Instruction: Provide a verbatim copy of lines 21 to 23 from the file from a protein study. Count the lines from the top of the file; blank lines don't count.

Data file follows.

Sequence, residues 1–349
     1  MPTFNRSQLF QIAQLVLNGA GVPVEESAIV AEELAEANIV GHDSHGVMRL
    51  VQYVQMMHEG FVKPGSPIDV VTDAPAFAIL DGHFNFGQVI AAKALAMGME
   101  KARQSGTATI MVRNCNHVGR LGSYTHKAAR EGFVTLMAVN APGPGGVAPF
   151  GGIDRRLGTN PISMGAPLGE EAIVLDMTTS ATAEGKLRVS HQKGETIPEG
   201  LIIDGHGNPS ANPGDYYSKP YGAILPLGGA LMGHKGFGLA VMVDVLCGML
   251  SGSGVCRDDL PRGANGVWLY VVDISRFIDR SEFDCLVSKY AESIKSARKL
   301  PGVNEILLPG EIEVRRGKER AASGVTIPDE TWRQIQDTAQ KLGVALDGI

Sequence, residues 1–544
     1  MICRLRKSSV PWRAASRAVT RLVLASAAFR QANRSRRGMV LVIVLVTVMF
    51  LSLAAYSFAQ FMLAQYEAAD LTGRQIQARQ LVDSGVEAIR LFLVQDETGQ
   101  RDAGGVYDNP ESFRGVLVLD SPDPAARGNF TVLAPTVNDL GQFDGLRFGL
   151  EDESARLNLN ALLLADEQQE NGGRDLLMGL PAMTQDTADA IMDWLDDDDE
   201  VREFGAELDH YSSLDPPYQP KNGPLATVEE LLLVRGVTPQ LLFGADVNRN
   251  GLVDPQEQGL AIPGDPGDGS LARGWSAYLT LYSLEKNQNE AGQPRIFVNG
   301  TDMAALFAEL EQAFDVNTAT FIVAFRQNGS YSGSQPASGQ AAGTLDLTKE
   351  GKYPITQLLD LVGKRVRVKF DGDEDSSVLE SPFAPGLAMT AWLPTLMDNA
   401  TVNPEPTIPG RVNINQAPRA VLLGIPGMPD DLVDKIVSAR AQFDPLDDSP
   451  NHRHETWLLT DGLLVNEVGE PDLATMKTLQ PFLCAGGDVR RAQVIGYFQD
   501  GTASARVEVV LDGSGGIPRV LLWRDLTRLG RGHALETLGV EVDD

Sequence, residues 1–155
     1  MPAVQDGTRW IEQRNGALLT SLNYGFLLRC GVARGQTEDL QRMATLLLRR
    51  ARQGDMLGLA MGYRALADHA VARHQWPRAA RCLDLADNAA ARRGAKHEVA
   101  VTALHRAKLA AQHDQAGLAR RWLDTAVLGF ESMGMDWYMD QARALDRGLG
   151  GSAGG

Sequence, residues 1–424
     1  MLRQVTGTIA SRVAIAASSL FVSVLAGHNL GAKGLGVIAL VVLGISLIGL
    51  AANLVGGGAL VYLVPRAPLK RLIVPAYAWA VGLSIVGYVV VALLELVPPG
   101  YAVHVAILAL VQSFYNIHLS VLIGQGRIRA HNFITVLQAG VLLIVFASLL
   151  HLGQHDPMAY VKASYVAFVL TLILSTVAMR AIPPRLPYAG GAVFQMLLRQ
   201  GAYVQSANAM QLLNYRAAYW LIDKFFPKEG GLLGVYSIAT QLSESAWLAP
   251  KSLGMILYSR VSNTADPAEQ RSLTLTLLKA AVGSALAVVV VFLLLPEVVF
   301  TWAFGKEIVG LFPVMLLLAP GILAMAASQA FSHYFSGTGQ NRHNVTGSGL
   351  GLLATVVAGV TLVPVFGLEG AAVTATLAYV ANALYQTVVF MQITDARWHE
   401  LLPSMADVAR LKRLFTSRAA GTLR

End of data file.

Sequence, residues 1–155
     1  MPAVQDGTRW IEQRNGALLT SLNYGFLLRC GVARGQTEDL QRMATLLLRR
    51  ARQGDMLGLA MGYRALADHA VARHQWPRAA RCLDLADNAA ARRGAKHEVA